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Press Release

DHHS Offers Halloween Tips to Keep Children Healthy and Safe
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Division of Public Health Services
Publish Date:
October 28, 2013

Concord, NH – The New Hampshire Department of Health and Human Services (DHHS) Division of Public Health Services (DPHS) today offered tips for parents to enjoy Halloween festivities while helping to keep children healthy and safe. Many communities will be celebrating over the next few days. Some communities hold trick-or-treating during the daylight hours, while others do so during the evening. Fatality records from across the country from the past 21 years show that Halloween is the deadliest day of the year for child pedestrian accidents, so it is very important to talk to children and parents about how to stay safe.

“Trick-or-treating is a time-honored tradition for Halloween but we wouldn’t want anyone’s fun to be spoiled,” said Dr. José Montero, DHHS Public Health Director. “Parents should take a few extra minutes to make sure their little ones will be safe this holiday.”

In order to protect children’s health, DHHS offers the following health tips to parents regarding treats:

  • Children shouldn’t snack while they’re out trick-or-treating. They should wait until they get home and parents have had a chance to inspect the goodies. Give children a snack or light meal before they go–don't send them out on an empty stomach.
  • Tell children not to accept, and especially not to eat, anything that isn’t commercially wrapped.
  • When children bring their treats home, discard any home-made candy or baked goods. Parents of young children should also remove any choking hazards such as gum, peanuts, hard candies, or small toys.
  • Inspect commercially wrapped treats for signs of tampering, such as an unusual appearance or discoloration, tiny pinholes, or tears in wrappers. Throw away anything that looks suspicious.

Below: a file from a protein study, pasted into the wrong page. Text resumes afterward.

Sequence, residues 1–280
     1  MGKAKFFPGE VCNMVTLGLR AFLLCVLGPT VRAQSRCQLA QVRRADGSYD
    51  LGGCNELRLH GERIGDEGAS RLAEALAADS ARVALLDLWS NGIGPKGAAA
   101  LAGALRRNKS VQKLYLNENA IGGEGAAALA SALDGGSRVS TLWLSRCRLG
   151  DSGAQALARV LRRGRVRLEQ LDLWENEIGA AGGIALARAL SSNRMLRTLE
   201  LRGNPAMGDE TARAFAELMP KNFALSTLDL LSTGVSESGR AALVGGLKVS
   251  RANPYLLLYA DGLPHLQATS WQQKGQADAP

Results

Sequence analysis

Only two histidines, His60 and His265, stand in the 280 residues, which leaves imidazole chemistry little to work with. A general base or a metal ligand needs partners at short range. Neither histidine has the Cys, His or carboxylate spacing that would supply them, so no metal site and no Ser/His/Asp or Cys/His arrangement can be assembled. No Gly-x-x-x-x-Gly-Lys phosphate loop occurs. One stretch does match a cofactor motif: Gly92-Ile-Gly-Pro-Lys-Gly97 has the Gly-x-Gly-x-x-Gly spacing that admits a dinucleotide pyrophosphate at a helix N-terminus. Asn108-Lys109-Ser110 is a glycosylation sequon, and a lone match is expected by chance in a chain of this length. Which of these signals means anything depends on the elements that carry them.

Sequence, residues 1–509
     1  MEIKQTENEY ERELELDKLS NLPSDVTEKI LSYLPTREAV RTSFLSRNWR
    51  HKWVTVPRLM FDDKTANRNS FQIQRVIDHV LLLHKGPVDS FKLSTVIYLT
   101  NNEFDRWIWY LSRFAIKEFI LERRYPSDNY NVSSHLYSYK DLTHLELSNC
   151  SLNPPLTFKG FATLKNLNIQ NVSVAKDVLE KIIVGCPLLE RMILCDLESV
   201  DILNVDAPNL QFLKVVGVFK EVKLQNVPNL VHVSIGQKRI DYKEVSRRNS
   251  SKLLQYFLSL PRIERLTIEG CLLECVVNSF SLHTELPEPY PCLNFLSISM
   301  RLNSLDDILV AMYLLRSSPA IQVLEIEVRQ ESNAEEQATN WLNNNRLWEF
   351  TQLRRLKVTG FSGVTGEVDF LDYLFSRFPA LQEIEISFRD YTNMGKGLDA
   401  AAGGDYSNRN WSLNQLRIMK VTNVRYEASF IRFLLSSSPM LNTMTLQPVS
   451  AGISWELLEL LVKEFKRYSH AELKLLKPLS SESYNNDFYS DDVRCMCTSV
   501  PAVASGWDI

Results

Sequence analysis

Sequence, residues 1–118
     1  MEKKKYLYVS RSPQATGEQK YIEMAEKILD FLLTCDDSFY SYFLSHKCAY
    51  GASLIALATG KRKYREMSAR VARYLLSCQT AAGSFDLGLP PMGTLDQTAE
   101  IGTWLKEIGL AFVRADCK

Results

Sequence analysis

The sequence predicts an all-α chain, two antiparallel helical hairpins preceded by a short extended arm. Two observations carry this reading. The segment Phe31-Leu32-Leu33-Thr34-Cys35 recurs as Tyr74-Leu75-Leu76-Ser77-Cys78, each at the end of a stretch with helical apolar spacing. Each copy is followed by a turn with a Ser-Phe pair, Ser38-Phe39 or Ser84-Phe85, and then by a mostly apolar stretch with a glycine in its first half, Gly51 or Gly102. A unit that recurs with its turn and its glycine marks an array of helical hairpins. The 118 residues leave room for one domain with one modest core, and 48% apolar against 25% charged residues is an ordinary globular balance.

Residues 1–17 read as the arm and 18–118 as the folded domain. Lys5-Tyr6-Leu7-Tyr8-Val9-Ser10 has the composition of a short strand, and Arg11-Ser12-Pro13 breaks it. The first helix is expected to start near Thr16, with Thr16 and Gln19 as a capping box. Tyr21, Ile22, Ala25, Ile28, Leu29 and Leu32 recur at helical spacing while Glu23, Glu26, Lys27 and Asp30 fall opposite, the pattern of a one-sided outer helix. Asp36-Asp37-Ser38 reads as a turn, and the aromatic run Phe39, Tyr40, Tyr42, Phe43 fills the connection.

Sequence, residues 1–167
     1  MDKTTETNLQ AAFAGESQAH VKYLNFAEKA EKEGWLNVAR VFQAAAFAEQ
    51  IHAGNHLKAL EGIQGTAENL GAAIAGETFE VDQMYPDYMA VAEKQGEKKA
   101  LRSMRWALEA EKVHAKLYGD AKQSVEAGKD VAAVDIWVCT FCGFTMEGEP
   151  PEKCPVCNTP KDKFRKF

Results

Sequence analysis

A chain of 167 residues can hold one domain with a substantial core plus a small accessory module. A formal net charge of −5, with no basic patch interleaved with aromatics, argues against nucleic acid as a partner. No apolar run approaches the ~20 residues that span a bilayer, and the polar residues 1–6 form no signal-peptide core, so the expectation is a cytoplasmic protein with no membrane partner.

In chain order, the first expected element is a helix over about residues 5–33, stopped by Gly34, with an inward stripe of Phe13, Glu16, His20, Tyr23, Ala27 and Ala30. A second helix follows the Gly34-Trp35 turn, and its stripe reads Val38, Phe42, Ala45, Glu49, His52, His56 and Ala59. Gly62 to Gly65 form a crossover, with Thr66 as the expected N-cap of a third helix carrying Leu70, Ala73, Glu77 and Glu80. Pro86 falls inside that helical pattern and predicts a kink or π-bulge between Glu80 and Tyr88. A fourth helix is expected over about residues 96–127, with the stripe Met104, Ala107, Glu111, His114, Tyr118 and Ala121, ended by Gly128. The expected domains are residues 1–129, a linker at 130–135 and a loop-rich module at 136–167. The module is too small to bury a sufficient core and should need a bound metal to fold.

• If juice or cider is served to children at Halloween parties, make sure it is pasteurized or otherwise treated to destroy harmful bacteria. Juice or cider that has not been treated or pasteurized will say so on the label.

Additionally, DHHS offers the following safety tips for Halloween:

  • Children should see and be seen in their costumes. Halloween is the deadliest day of the year for child pedestrian accidents. The twilight hours between 6:00-7:00 PM are particularly dangerous.
  • Purchase or make costumes that are lightly colored and bright enough to be clearly visible to motorists.
  • For greater visibility during dusk and darkness, decorate or trim costumes with reflective tape that will glow in the beam of a car’s headlights. Bags or sacks should also be light colored or decorated with reflective tape. Reflective tape is usually available in hardware, bicycle, and sporting goods stores.
  • To easily see and be seen, parents or children should also carry flashlights.
  • Costumes should be short enough to prevent children from tripping and falling.
  • Children should wear well-fitting, sturdy shoes. High heels are not good for safe walking.
  • Hats and scarves should be tied securely to prevent them from slipping over children’s eyes.
  • Apply a natural mask of cosmetics rather than have a child wear a loose-fitting mask that might restrict breathing or obscure vision. If a mask is used, however, make sure it fits securely and has eyeholes large enough to allow full vision.
  • When purchasing a costume, masks, beards, and wigs, look for the words “flame resistant” on the label. Although this label does not mean these items won't catch fire, it does indicate that they will resist burning and should extinguish quickly once removed from the ignition source. To minimize the risk of contact with candles or other sources of ignition, avoid costumes made with flimsy materials and outfits with big, baggy sleeves or billowing skirts.
  • Swords, knives, and similar costume accessories should be of soft and flexible material.
  • When using makeup, follow all directions carefully.
  • Don’t decorate your face with things that aren’t intended for your skin.
  • Like soap, some things are OK on your skin, but not in your eyes. Some face paint or other makeup may say on the label that it is not for use near the eyes. Believe this, even if the label has a picture of people wearing it near their eyes. Be careful to avoid getting makeup in your eyes.
  • Even products intended for use near your eyes can sometimes irritate your skin if you use too much.
  • Do not use decorative contact lenses without an eye examination and a prescription from an eye care professional. Obtaining decorative contact lenses without a prescription is both dangerous and illegal. These can cause pain, inflammation, and serious eye disorders and infections, which may lead to permanent problems.
  • If you’re decorating your skin with something you’ve never used before, you might try a dab of it on your arm for a couple of days to check for an allergic reaction BEFORE you put it on your face. This is an especially smart thing to do if you tend to have allergies.
  • Teach children how to call 9-1-1 if they have an emergency or become lost.

For more information, visit the Centers for Disease Control and Prevention website at

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New Hampshire Department of Health and Human Services
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